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6/10
faded past
SnoopyStyle26 May 2019
This is a documentary about a 70's Memphis band. They have good critical support but never gains popular support. They struggle with the business and Big Star eventually fades into oblivion only to become a cult band which nobody has ever heard of and only the coolest music geeks can lay claim to. I myself don't know the band. I have never heard of their music. The only familiar song is 'In the Street' which was remade into the theme of 'That 70's Show'. I see some of their interesting famous fans. It would nice to showcase them earlier in the doc giving them needed praises. That's the normal practice to hype up the band. By putting it in the back, the intensity isn't there. If these famous artists love them, then I'm more motivated to know them. About their music, they sound good but none of it is that catchy. They sound professional. They sound sincere. They sound artful. There is an indie sensibility that would become more popular today. My biggest issue with the documentary format is that I couldn't tell who was from the band. None of them have great charisma in the present day. The two important voices in the band are no longer with us. It's tough to get a hold of their personalities when most of it is told in second-hand. It's the difference between a faded photograph and being in the same room. It has some fascinating behind-the-scene aspects. It would probably make for a great biopic movie where actors can give these people great personalities. The old footage can only give glimpses of the old days. It's told in a manner of faded memories. It's artistic but it's never visceral. It's sad but it's not enthralling. This is a good band who never reached the mountain top. There's a good story somewhere here.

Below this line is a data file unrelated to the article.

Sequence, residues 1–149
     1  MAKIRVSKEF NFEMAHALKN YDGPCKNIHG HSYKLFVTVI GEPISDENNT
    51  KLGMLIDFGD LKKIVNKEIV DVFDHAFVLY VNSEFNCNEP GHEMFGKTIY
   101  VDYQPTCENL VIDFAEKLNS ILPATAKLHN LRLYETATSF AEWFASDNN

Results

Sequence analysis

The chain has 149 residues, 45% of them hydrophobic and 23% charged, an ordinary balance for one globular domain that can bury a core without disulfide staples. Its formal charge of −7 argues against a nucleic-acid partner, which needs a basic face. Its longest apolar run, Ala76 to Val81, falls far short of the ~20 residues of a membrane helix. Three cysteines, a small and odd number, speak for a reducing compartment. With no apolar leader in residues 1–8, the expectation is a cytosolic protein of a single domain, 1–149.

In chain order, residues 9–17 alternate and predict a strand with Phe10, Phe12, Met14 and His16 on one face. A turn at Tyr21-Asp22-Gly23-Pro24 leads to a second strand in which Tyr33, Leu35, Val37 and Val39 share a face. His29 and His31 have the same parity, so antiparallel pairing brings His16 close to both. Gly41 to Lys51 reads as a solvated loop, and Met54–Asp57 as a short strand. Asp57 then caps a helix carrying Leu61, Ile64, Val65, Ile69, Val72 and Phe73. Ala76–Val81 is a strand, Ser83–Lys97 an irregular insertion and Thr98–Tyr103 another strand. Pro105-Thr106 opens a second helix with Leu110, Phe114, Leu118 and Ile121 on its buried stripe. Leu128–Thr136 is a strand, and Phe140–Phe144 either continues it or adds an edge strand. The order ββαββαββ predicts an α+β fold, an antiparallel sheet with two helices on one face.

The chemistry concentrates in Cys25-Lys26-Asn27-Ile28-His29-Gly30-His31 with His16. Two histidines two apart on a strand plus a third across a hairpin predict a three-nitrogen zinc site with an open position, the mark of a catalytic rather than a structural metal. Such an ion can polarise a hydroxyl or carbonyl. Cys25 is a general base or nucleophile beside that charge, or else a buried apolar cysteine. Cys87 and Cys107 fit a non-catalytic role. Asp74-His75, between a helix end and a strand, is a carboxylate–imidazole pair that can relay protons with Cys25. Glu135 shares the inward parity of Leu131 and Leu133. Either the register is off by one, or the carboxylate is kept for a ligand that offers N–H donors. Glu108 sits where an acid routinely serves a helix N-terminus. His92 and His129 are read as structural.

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6/10
Colourful documentary about a rock band that, while critically acclaimed, seemed destined to sink without trace... and then gradually became a classic
crculver31 December 2016